As Harlequin reveals, some of the commedia’s developments involved migrations into or appropriations by other genres and media. For instance, Continental scripted comedy in the later seventeenth and eighteenth centuries quite often helped itself to situations and characters from the commedia. Molière was happy to poach from it when attempting to set up a native French comic tradition in the 1660s and ’70s; his troupe actually shared a theatre in Paris for a time with the commedia troupe of Tiberio Fiorilli, and he seems to have learned a lot from Fiorilli’s character Scaramuccia. Goldoni in the mid-eighteenth century set out to wean Italian theatre off the commedia, but not until he’d scripted a kind of preservation-in-aspic of the form in his classic Servant of two Masters; and Beaumarchais created the perfect Enlightenment Harlequin in his Figaro, the central figure in a trilogy of plays that were to generate operas by Mozart, Paisiello, Rossini, Darius Milhaud, John Corigliano and others. Then, quite understandably, the form especially attracted painters and engravers. It was the most energetic sort of spoken drama after all, full of strong presences, vivid gesture, near-balletic movement and colourful costumes, and spiced with an edge of slightly sinister caricature supplied by the masks of Pantalone, the Doctor and some of the servants. Some artists recorded the characters fairly ‘straight’, while others — Callot, Watteau, Domenico Tiepolo — took them off in rewarding directions of their own, as figures of wild energy or misty nostalgia or near-surreal fantasy. And the graphic tradition didn’t stop in 1750. Imagined snapshots of commedia characters in action can be found in Aubrey Beardsley, Pablo Picasso and David Hockney.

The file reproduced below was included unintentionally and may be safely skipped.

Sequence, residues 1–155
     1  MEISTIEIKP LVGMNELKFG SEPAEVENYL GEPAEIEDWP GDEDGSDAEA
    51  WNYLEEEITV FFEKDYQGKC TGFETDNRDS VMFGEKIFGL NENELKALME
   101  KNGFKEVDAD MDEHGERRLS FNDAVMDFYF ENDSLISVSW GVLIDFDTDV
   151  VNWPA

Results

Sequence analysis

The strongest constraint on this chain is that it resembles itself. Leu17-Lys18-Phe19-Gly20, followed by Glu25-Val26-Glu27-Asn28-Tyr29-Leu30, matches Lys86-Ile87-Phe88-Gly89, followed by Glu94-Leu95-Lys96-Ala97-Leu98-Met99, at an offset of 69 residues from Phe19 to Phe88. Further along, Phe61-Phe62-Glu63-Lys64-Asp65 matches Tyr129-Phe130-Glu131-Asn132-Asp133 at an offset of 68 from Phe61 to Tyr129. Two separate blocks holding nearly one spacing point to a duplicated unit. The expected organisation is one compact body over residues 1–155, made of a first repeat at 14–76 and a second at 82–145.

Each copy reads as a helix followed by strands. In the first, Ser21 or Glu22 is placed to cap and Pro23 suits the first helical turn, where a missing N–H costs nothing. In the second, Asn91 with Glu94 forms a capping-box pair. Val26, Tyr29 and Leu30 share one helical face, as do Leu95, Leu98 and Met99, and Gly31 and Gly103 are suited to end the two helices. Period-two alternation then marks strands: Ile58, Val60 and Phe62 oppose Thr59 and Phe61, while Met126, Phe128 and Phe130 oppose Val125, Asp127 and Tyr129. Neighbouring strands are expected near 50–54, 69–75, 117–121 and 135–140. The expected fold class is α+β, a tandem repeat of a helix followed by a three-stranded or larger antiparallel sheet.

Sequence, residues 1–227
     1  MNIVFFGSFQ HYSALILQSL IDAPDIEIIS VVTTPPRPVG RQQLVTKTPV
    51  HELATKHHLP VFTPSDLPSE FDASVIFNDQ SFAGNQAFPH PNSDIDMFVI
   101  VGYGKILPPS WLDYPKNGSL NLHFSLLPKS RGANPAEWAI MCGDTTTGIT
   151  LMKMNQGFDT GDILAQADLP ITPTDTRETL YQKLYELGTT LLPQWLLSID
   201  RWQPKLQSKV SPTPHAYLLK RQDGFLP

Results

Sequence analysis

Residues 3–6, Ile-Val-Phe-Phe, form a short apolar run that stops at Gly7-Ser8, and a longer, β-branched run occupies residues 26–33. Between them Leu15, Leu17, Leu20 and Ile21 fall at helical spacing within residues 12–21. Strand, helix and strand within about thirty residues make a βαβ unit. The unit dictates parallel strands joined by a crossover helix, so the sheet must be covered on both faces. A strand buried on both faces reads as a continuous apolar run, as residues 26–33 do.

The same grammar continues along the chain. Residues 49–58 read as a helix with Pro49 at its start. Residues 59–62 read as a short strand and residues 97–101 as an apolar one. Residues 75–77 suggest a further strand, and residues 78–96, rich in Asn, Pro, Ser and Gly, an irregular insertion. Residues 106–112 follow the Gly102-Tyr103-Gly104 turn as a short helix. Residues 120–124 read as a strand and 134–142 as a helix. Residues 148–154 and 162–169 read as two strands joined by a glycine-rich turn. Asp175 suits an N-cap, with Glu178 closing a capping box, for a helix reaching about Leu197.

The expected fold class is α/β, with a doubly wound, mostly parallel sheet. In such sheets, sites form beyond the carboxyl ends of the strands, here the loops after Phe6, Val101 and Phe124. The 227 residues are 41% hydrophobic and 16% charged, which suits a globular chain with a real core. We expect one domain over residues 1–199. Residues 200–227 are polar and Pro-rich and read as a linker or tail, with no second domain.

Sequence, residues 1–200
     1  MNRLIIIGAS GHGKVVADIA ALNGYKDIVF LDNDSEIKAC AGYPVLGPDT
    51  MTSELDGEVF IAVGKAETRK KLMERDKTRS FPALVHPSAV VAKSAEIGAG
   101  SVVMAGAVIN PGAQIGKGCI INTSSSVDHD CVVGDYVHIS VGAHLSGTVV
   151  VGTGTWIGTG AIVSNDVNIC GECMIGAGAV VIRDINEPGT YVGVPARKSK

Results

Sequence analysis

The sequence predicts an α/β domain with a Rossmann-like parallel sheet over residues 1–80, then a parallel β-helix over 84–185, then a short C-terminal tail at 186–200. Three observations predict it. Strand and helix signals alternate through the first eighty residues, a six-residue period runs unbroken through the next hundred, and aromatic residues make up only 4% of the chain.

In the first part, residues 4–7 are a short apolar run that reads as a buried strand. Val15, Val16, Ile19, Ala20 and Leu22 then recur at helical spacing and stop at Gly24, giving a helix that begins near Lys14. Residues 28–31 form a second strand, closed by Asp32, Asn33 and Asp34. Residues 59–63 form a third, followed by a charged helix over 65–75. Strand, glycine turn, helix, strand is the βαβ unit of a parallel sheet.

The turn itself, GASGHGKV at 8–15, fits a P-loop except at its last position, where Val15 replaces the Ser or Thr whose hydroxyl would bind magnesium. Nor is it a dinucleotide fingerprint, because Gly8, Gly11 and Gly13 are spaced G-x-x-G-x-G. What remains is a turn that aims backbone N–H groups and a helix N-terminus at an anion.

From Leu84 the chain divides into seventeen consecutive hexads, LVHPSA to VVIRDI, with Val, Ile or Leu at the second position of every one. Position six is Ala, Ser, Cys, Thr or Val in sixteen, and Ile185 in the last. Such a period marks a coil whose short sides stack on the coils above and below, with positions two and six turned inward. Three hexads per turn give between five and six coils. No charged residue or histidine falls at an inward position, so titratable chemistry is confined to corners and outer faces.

Similarly, commedia and commedia-connected sound-bites, or a least sonic sketches, figure in nineteenth and twentieth-century music. Think not only of Strauss and Stockhausen and those Figaro-operas but of Schumann’s Carnaval with its Pantalone, Harlequin, Columbine and Pierrot; Busoni’s Arlecchino and Stravinsky’s Pulcinella; Milhaud’s Scaramouche and Walton’s Scapino (after an engraving by Callot); the Harlequinade in Lord Berners’s Triumph of Neptune; Birtwistle’s Punch and Judy, and the very different moon-struck Pierrots in Debussy’s Cello Sonata (‘Pierrot fâché avec la lune’), Granville Bantock’s Pierrot of the Minute and Schoenberg’s Pierrot Lunaire. (Commedia lazzi can appear in seemingly quite unlikely places; isn’t Beckmesser’s garbling of the text of the Prize Song in the last act of Wagner’s Mastersingers a descendent of the dottore’s madrigal-mangling?) And these musical treatments post-1750 have precedents from the days when commedia was still a mainstream, living commercial form. To look backwards down the corridor: in the early eighteenth century, for instance, there are the purely instrumental evocations of Harlequin, Columbine, Mezzetino, Scaramouche and Pierrot in Telemann’s Ouverture burlesque, and there’s Pergolesi’s mini-opera La Serva padrona, in which a self-important pantaloon is comprehensively snared by a wily soubrette from the commedia’s tribe of Columbinas, Despinettas, Diamantinas, Franceschinas and such. In the later seventeenth century, there are the danced entries for troupes of ‘trivelins et scaramouches’ in Lully’s court-ballets and the music that Marc-Antoine Charpentier wrote for Molière’s comedy-ballet Le Malade imaginaire. This includes an interlude of a frustrated Polichinelle attempting a serenade but being persecuted by posses of fiddlers and sharpshooters, and ends with a convocation of cod-doctors conning the hypochondriac pantaloon of the title into thinking he’s been elevated to the Medical Faculty. (Cue a great deal of dottore-esque mangled Latin.) In the 1630s and ’40s the operas staged in Rome include Mazzocchi and Marazzoli’s Chi soffre speri, which has a couple of earthy commedia servants, Coviello and Zanni, weaving in and out of the romantic main plot; and the new public opera in Venice develops a similar taste for hiring commedia types to serve below stairs. And back in the 1590s and 1600s, when commedia dell’arte itself is still relatively young, the fashionable genre of the madrigal-sequence depicting modern urban life (as opposed to life in idyllic fields or steamy boudoirs) sometimes latches onto it for the whole of its subject-matter, so bringing the ‘madrigal comedy’ into being. Vecchi’s Amfiparnaso of 1597 is the biggest and arguably the best of these madrigal comedies: at once a record of the early, purely north-Italian commedia in action, a vivid piece of ‘alter-native music-theatre’ from the decade that also invented opera, and a marvellous piece of sheer musical invention. Any self-respecting comedy-troupe on the streets would have been flattered — and most likely extremely amused — to have its stock-in-trade so brilliantly rendered in sound.